India has many faces, and seeing them takes time. So if your stay is short, map out an itinerary before arriving and make travel bookings. The train system is desperately overloaded, and Indian Airlines, the domestic carrier, is stunningly inefficient. In Delhi, bus tours are a good way to take in the city's scattered sights. But don't stop there. Take a spin in a bicycle rickshaw through the heart of Old Delhi. Wade through the bazaars of Chandni Chauk, the walled city's most famous thoroughfare. And if you buy anything, bargain, bargain, bargain.

The best guidebook is ``India: A Travel Survival Kit,'' by Geoff Crowther (Oakland, Calif.: Lonely Planet, 1987, $17.95 paper). It's lively and geared to the casual traveler, although the more upscale will enjoy its insights and tips.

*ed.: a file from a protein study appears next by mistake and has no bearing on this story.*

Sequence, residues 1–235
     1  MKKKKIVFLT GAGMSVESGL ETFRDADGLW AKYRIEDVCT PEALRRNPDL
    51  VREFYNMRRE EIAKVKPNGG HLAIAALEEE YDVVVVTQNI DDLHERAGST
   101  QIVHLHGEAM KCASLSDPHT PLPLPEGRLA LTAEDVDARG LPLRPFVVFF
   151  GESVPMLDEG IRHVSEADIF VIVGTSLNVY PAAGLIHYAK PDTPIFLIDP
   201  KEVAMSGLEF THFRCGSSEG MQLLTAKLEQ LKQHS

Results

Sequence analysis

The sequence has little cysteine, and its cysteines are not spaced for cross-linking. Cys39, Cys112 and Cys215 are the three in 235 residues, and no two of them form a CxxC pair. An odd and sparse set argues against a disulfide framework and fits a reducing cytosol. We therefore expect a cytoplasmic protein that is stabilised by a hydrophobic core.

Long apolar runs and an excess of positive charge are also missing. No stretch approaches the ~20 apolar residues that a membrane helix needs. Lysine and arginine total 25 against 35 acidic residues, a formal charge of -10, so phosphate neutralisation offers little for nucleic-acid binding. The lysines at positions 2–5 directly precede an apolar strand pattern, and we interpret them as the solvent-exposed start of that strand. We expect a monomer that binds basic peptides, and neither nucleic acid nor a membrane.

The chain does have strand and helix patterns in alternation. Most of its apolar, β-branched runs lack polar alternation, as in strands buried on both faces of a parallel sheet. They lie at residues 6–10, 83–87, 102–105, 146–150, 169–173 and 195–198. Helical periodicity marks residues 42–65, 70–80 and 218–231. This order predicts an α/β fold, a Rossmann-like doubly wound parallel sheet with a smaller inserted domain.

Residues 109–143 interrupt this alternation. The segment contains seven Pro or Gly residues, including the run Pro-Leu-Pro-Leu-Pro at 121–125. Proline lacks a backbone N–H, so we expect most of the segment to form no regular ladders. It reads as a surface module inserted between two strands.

From Delhi, many day trips are possible. The most frequented is to the Taj Mahal in Agra and the haunting, deserted city of Fatehpur Sikri nearby. The pink city of Jaipur is a half-day's travel. The Himalayas are a day and a half away.

More offbeat and less visited is Orchha, a half-day's train journey into Madhya Pradesh state. The village, with its fort and temples, is frozen in a medieval mode and has a lovely maharajah's palace-turned-hotel.

Lastly, remember: India is a great adventure. If you haven't had lengthy delays, if some plans haven't gone awry, and if you haven't hit bureaucratic snags, you haven't really visited India. Bring plenty of patience and a sense of humor. India will reward you handsomely.

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